Roman Peebles

(work in progress) The Romans used riverways to transport goods as this was the most efficient way to move large amounts of goods and established their forts and camps near fresh water. The Tweed and it’s valley was therefore an excellent thoroughfare for the Romans to penetrate Scotland,

Before the Romans

Scotland’s Celtic culture before the Romans was quite sophisticated with hillforts, chariots and metal working common. Celtic culture had spread across Europe and the Romans had battled Celtic tribes through France, Germany the low countries and England before coming to Scotland in 79 AD.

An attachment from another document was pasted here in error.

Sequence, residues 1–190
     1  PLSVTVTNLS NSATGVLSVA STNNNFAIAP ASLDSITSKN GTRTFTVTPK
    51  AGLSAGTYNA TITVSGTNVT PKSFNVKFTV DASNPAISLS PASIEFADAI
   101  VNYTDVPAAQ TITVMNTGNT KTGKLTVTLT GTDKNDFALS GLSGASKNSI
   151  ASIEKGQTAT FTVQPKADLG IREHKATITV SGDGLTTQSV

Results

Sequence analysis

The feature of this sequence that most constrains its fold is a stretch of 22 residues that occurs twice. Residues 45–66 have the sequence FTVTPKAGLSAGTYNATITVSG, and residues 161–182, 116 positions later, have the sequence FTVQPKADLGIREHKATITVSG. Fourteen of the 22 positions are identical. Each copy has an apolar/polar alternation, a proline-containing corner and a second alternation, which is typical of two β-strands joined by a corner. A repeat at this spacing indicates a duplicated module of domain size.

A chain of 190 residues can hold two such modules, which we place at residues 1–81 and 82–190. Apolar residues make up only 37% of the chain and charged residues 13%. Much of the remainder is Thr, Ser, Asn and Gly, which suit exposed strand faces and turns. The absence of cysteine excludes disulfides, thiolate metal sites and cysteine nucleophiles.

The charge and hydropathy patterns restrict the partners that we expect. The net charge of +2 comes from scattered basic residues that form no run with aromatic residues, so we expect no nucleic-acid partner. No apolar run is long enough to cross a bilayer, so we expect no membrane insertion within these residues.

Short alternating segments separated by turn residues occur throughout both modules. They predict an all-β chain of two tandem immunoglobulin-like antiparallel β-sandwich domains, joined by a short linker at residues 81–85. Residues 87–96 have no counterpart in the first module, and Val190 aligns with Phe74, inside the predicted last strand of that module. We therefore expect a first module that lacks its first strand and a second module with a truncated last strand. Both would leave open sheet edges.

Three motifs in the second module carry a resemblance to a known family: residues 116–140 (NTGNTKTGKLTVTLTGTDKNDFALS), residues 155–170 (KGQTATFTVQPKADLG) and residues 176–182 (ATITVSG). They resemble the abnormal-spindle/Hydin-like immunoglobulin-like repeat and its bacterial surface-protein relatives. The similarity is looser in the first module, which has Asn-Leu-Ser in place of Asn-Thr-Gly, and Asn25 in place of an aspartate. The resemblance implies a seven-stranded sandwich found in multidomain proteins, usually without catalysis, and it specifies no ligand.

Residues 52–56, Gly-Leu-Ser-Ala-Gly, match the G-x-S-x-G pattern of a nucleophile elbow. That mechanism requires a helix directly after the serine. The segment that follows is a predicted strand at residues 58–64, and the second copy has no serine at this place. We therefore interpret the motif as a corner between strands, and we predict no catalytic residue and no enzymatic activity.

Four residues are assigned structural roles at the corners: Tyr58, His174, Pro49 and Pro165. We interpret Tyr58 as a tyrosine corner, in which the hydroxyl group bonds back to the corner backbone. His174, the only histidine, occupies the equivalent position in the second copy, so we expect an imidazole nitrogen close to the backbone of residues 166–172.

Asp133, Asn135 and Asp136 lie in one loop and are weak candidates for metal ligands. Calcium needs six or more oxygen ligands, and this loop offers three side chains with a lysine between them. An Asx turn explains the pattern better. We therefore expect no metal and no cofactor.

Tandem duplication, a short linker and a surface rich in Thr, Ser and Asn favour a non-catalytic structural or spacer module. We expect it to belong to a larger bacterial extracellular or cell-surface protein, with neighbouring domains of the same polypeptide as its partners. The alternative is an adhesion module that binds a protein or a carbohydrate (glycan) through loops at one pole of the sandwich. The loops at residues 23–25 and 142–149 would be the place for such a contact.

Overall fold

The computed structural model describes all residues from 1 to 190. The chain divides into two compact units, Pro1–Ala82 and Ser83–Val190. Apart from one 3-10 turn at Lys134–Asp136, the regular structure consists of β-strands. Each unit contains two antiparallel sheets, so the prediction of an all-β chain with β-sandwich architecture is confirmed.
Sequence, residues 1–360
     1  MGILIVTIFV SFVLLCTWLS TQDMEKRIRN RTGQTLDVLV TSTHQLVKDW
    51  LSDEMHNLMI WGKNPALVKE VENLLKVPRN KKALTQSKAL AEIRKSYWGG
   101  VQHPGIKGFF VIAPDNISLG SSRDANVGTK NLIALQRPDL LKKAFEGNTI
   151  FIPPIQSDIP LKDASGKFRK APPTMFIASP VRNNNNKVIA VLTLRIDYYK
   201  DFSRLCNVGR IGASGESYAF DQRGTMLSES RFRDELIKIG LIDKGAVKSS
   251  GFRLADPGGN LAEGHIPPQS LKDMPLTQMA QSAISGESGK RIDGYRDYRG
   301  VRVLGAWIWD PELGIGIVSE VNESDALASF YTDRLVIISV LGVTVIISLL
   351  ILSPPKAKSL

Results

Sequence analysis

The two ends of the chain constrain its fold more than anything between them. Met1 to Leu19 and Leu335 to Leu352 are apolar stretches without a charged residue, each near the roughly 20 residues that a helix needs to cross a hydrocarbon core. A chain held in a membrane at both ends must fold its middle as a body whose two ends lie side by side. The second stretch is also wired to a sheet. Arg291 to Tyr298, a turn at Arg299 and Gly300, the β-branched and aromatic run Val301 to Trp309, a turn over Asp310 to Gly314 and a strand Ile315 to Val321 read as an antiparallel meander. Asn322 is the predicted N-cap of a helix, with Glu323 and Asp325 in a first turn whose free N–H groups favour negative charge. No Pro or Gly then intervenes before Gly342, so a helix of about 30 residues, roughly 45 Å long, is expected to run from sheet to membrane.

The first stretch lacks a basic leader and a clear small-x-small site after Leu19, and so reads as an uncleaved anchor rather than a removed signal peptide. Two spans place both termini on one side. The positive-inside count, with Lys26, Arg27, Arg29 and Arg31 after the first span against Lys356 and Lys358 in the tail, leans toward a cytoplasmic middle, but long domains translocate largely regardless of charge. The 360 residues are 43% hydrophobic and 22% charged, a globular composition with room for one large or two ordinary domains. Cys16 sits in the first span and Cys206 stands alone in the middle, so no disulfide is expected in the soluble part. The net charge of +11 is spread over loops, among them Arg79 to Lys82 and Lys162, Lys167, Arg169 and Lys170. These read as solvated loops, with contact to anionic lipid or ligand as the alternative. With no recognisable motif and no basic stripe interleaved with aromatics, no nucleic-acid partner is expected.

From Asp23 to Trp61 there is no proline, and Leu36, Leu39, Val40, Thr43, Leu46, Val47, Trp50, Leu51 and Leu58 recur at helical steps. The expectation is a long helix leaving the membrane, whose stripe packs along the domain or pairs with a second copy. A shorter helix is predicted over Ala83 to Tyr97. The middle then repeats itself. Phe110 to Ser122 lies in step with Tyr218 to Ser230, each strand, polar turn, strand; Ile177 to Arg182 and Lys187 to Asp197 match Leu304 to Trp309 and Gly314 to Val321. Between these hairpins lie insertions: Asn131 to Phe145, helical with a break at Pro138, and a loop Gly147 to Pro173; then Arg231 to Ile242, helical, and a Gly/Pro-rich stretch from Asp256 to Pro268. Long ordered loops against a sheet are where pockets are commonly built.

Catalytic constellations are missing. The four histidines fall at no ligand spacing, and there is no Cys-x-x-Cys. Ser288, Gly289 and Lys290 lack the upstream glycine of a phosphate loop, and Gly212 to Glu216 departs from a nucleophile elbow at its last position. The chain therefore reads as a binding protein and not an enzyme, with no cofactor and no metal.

Example of Round houses at Innerleithen Hillfort as they may have looked
(copyright eleda 1)

Celtic hillforts around Peebles are on the interactive map below. Dating these forts can be hard and some may have been built after the Romans left.

The Roman invasions and military occupation.

There were three periods of large scale invasion and occupation – the French General Agricola in 79 AD with 4 legions went as far as Orkney and circumnavigated Scotland. The first forts in Peebles were established then. They would have been of turf and timber.

In 142 AD emperor Antoninus Pius ordered the building of the Antonine wall emulating his step father Hadrian.

References

Peebles Library Museum and Gallery

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